The National Organization for Victim Assistance is involved in a variety of professional and public outreach endeavors. These include ongoing webinars on topics of interest and importance to professionals involved in providing victim assistance, professionals employed in different elements of the criminal justice system, victims and their advocates, and members of the general public. One such webinar was presented by Katharine Manning of Blackbird. Blackbird is an organization dedicated to giving a voice to victims of crime as well as individuals who experience workplace victimization.
The presentation focuses on three key topics associated with the rights of a victim of crime:
- Definition of a victim
About the National Organization for Victim Assistance
Founded in 1975, the National Organization for Victim Assistance, or NOVA, is the oldest victim assistance and support organization of its kind in the United States. NOVA has become a nationally recognized leader in three broad categories of service:
- Victim advocacy
- Education associated with victim assistance
- Credentialing of victim assistance specialists
The mission of NOVA is:
Our mission is to champion dignity and compassion for those harmed by crime and crisis.
Definition of a Victim
Ascertaining whether or not a person qualifies as a victim does require some thoughtful analysis. The process of defining a victim focuses on three prime questions:
- Did the person suffer harm?
- What caused the harm?
- Is there some reason this person isn’t entitled to rights?
Did the Person Suffer Harm?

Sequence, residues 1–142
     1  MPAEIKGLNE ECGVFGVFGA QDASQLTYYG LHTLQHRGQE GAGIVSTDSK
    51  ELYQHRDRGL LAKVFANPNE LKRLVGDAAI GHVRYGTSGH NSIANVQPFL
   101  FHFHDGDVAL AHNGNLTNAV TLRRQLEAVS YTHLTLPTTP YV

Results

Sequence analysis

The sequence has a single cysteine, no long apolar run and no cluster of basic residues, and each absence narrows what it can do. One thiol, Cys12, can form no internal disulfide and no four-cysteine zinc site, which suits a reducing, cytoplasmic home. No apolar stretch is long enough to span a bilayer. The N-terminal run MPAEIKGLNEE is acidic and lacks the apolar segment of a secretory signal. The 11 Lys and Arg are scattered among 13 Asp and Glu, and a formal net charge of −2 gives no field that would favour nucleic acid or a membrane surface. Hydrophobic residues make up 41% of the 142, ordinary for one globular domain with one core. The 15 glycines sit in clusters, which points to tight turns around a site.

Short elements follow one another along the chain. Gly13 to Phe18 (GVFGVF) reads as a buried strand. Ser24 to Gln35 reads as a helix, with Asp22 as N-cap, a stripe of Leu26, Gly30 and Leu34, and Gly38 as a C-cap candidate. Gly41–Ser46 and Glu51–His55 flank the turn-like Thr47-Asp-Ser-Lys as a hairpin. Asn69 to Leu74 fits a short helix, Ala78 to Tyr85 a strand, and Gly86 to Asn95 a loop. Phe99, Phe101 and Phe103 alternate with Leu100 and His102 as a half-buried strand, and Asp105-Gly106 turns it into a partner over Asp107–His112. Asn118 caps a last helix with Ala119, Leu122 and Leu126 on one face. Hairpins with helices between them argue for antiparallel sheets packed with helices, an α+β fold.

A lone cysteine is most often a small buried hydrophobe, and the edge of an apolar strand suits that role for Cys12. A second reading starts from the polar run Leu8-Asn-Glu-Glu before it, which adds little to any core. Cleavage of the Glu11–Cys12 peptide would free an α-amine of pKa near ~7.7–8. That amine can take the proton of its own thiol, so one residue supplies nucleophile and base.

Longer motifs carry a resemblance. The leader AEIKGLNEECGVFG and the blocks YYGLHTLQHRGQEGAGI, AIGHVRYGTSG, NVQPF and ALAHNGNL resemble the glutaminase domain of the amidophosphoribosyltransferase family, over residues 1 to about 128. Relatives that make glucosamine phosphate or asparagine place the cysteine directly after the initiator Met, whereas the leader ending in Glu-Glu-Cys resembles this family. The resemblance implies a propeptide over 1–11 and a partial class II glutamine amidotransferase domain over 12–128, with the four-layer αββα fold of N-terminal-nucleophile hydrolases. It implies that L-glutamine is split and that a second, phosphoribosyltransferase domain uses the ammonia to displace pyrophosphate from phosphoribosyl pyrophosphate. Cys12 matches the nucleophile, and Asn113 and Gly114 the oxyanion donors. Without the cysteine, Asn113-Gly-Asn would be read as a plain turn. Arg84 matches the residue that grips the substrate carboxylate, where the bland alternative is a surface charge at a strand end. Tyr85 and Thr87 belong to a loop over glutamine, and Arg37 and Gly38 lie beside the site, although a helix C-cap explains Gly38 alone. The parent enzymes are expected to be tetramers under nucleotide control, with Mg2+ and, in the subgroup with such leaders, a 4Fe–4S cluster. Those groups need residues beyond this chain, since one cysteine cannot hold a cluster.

In order for a person to be a victim of a crime or some other type of wrongful conduct, that individual must suffer harm. Harm suffered can include:
- Physical harm
- Emotional harm
- Psychological harm
- Combination of these three types of harm
Harm can come in the form of an isolated incident, a series of such incidents, or ongoing and pervasive incidents.
What Caused the Harm?
In determining whether or not a person qualifies as a being a victim, a look at what caused the harm and why it occurred needs to be undertaken. Different types of causes of harm exist including everything from a physical act to emotional or psychological manipulation.
Is There Some Reason This Person Isn’t Entitled to Rights?
Finally, when considering what defines a victim, attention must also be paid to whether some reason or another exists as to why an individual isn’t entitled to rights that are afforded an actual victim. This question typically is the most perilous of the three associated with identifying victims of crime. Moreover, this question tends to be at issue in some of the most problematic and challenging instances in which a victim attempts to assert rights.
Cases involving sexual assault provide grim and yet commonplace examples in which challenges are made to a person’s attempt to assert rights as a victim of a particularly egregious type of criminal activity. For example, time and again, alleged perpetrators of sex crimes utilize a defense based on a contention a victim consented to the conduct underpinning the criminal allegation. This defense of an alleged perpetrator is designed to strip a victim of nearly all rights associated with the purported crime through a judicial frontal assault based on an argument that nothing improper occurred.
In broadly considering victim rights, there are eight general categories in which these rights are found in the U.S. criminal justice system.
- To be heard
- Timely disposition